Take the 2-minute tour ×
Stack Overflow is a question and answer site for professional and enthusiast programmers. It's 100% free, no registration required.

I got this code, I would like to optimize. I basically can add new columns to "Disp" table later on, and I don't want to come back modify this function. I cannot use dynamic SQL. Right? Is there anything else that would work in my case?

This is the function:

(@hdrnumber INT, @DateColName VARCHAR(50))
        SELECT  @dt = CASE
          WHEN @DateColName = 'ord_bookdate' THEN [ord_bookdate]
          WHEN @DateColName = 'ord_startdate' THEN [ord_startdate]
          WHEN @DateColName = 'ord_completiondate' THEN [ord_completiondate]
          WHEN @DateColName = 'pack_date_from' THEN [pack_date_from]
          WHEN @DateColName = 'pack_date_to' THEN [pack_date_to]
        FROM    [Disp]
        WHERE   [hdrnumber] = @hdrnumber

    RETURN @dt

(removed some of the code, because it's a long one, but hopefully what I left in here will make sense to you guys)

how do i use this function? well it basically looks like this:

 insert into tablename (...)
 select somedate, [GetDate](somedate, somecolumn)
 from sometable
 where 1 = 1
share|improve this question
Slightly off-topic, but I would recommend a different name for the function so as to remove any possible confusion with the built in GETDATE() function –  AdaTheDev Feb 4 '10 at 12:12
yeah, i know :) –  Geek Dunkman Feb 4 '10 at 12:59

3 Answers 3

up vote 0 down vote accepted

You either need to use dynamic sql which you can't do within a user-defined function (so you'd need to remove it out of the function), or like you are doing with a CASE statement (which isn't fully generic).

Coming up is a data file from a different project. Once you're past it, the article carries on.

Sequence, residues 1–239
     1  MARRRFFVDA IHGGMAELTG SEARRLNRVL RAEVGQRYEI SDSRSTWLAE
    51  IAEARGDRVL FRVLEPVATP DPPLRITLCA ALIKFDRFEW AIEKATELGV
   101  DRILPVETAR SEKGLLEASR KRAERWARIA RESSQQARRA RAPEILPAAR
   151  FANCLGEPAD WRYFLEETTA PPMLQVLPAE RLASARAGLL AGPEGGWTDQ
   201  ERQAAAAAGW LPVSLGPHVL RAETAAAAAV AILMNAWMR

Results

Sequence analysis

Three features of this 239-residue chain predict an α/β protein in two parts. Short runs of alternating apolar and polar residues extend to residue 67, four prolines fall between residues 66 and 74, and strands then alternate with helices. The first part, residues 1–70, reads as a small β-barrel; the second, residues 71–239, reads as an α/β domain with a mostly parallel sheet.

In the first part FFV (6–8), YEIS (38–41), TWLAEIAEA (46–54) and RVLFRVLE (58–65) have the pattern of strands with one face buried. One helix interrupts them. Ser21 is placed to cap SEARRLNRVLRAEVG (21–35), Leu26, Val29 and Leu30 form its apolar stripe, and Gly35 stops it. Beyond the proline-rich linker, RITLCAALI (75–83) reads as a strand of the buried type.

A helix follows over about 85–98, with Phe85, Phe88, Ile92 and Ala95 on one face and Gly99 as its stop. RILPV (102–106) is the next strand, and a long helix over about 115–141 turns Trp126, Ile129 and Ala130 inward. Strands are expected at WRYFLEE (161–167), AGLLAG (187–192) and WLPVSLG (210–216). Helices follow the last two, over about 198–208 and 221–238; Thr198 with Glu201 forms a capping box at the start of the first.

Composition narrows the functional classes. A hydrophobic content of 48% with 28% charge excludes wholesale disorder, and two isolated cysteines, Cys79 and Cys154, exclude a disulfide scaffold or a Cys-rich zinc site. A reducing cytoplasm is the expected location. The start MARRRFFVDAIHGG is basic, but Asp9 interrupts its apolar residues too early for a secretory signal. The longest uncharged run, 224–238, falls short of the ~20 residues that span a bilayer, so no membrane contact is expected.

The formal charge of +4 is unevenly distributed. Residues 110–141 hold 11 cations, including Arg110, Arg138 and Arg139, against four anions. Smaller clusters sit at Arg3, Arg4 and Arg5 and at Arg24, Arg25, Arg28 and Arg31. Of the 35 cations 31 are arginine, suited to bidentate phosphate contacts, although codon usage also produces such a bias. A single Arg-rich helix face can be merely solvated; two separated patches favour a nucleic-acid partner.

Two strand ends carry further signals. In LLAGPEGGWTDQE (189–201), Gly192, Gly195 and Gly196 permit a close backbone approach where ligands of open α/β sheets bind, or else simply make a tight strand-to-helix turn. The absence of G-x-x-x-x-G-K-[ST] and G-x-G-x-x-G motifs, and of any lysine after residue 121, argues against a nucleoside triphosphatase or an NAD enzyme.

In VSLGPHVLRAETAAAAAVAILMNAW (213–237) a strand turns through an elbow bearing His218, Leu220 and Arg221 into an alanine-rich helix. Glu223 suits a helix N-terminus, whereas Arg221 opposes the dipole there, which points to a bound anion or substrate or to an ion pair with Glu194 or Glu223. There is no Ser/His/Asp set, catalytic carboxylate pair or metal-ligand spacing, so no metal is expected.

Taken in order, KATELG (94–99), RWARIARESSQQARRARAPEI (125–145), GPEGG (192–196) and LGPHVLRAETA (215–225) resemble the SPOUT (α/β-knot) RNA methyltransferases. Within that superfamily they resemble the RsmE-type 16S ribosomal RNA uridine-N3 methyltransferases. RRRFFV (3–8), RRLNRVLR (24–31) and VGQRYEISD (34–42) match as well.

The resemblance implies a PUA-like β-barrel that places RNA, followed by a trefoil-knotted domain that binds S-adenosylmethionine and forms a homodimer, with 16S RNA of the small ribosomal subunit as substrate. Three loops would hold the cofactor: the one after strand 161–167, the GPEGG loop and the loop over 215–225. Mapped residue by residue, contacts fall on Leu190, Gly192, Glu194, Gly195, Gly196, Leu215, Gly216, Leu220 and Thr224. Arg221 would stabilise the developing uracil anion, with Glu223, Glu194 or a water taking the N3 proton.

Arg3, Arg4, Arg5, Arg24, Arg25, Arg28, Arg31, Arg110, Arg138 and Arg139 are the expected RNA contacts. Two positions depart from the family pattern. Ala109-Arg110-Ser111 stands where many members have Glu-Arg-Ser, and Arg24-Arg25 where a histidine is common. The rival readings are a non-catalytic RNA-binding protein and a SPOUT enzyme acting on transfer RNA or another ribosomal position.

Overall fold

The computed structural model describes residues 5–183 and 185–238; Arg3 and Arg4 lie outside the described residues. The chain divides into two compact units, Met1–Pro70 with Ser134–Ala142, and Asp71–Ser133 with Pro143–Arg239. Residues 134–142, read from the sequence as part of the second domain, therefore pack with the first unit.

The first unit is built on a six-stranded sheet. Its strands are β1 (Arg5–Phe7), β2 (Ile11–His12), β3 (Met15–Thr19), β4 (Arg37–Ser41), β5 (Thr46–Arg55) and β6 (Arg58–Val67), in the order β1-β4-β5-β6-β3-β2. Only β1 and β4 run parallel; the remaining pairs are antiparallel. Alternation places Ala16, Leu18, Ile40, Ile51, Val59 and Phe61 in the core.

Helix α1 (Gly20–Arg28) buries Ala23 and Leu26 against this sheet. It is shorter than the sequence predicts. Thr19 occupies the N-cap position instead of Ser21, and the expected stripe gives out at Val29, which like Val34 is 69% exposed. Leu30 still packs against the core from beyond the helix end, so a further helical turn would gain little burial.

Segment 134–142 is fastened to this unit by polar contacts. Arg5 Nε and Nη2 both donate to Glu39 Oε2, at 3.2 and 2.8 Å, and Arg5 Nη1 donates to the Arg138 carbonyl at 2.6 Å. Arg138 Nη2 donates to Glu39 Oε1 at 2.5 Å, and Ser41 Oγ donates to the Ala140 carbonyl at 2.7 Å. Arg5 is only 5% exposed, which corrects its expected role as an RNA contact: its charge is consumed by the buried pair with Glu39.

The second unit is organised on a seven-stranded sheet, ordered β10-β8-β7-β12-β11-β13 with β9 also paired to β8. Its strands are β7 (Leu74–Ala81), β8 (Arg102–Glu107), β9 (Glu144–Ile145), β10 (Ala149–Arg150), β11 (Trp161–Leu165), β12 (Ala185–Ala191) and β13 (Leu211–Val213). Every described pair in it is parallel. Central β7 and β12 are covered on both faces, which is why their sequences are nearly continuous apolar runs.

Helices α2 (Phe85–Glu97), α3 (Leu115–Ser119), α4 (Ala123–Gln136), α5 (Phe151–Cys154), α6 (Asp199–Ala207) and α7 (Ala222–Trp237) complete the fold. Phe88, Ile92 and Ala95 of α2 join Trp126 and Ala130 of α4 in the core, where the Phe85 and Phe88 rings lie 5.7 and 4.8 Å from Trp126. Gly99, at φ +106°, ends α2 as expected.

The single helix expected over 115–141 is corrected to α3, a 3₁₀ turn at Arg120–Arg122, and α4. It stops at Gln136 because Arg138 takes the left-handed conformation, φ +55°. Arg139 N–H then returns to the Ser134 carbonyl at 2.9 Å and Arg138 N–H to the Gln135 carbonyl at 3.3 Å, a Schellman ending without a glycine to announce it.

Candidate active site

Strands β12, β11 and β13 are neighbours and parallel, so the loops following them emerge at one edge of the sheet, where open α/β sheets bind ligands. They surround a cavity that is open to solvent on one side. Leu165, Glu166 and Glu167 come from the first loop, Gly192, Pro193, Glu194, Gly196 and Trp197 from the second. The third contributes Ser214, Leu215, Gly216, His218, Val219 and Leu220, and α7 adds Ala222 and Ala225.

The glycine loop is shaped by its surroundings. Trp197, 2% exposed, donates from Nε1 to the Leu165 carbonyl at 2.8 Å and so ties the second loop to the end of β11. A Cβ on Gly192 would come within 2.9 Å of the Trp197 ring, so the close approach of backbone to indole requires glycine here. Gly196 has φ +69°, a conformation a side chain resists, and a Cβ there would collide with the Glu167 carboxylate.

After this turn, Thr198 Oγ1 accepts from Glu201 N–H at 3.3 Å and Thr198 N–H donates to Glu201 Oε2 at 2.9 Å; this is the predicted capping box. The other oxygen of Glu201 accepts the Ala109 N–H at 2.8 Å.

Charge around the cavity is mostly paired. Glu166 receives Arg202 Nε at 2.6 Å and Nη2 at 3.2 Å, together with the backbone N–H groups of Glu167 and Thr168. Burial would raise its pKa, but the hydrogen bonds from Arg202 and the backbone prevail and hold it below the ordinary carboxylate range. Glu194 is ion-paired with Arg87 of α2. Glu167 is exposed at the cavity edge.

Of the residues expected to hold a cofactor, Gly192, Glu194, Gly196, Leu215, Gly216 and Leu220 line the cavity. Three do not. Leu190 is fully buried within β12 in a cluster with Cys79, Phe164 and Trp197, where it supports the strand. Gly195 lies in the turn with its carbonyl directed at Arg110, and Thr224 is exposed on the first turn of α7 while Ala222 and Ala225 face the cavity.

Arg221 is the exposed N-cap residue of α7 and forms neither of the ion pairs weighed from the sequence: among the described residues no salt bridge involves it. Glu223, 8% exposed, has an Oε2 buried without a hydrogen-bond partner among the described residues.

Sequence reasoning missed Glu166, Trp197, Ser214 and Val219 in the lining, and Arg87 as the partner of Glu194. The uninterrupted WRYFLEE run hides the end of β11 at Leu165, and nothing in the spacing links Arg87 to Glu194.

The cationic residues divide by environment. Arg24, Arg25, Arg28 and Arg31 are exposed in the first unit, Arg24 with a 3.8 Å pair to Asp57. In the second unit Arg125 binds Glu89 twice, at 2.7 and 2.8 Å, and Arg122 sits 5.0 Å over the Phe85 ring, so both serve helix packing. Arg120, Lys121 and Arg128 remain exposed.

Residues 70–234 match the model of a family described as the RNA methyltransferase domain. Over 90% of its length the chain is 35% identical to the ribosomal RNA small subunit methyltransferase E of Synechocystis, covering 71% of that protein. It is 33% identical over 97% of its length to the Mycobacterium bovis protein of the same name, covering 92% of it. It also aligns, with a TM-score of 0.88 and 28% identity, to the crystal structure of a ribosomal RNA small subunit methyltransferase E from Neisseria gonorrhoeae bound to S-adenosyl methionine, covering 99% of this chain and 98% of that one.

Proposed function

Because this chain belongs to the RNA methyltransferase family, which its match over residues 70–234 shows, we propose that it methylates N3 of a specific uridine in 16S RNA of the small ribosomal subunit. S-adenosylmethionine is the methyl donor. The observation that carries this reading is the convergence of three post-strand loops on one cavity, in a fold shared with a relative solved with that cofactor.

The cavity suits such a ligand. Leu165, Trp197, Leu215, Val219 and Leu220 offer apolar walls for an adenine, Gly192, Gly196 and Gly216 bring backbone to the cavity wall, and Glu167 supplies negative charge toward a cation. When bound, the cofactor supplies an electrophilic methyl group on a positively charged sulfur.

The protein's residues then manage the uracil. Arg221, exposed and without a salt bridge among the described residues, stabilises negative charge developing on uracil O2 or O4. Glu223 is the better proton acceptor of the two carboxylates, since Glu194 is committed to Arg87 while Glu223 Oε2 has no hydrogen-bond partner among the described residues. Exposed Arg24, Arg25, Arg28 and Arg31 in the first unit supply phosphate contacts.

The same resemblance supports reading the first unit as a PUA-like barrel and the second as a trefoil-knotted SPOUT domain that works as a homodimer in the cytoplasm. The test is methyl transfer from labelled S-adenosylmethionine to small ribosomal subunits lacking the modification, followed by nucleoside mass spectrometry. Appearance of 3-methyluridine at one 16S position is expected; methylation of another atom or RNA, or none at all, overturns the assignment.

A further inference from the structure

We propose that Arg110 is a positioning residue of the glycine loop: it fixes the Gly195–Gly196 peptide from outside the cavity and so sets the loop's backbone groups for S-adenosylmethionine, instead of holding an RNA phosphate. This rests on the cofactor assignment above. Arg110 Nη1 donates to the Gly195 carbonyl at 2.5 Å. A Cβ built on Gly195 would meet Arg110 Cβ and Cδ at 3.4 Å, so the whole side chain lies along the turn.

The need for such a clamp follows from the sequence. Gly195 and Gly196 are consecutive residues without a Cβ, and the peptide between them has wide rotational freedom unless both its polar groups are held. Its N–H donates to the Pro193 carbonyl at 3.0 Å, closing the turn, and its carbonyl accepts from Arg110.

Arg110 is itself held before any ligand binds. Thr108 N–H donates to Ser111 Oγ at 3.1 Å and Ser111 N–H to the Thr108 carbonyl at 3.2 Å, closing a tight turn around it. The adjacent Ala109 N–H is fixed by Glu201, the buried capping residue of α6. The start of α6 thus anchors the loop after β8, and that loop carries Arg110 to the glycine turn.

I think I'd personally go with the CASE approach to start with and consider dynamic sql if proves to give better performance (maybe with a larger number of different possible fields). You would have some maintenance work to do to keep the CASE up to date, but I can't imagine more fields would be added that often?

share|improve this answer
i edited the main post to show you how do i use this and YES there are actually 20+ cases, i just left there 5 cases in this example, to make the code look smaller –  Geek Dunkman Feb 4 '10 at 12:58

Certainly agree with comments provided in previous two answers.

Anyways, you could write following function to get Column names of a given table and then compare the column names to @DatecolumName to return the value from it..


function [dbo].[ftTableSchema](@TableName varchar(100))  returns table as
--Declare @tableName varchar(30); select @TABLENAME='excelInBom'

SELECT ColumnName=Column_Name
            ,DataType= case data_type
                            When  'DECIMAL' then 'DECIMAL('+convert(varchar,Numeric_precision)+','+Convert(varchar,Numeric_scale)+')'
                            When  'NUMERIC' then 'DECIMAL('+convert(varchar,Numeric_precision)+','+Convert(varchar,Numeric_scale)+')'
                            when 'VARCHAR' then 'VARCHAR('+Convert(varchar,Character_maximum_length)+')'
                            WHEN 'CHAR' THEN  'CHAR('+Convert(varchar,Character_maximum_length)+')'
                            ELSE data_type      

share|improve this answer

I think you have a bigger design issue here. How in the world are you using this? If you need to specify the column as a string (??!) then dynamic SQL will be >>SO<< much faster in many key situations. Something like this:

declare @sql NVARCHAR(MAX);
set @sql = 'SELECT ' + @DateColName + ' FROM disp WHERE hdrnumber = @hdrnumber';
EXEC (@sql, @hdrnumber);

(just watch out that someone cant SQL inject into @DateColName).

But a bigger issue is the design smell that's all over this code. The fact that this function exists worries me about how you could possibly be using it. Take a bigger look, and maybe post another, more detailed question about your design in general and I think you could have even more helpful answers.

share|improve this answer

Your Answer


By posting your answer, you agree to the privacy policy and terms of service.

Not the answer you're looking for? Browse other questions tagged or ask your own question.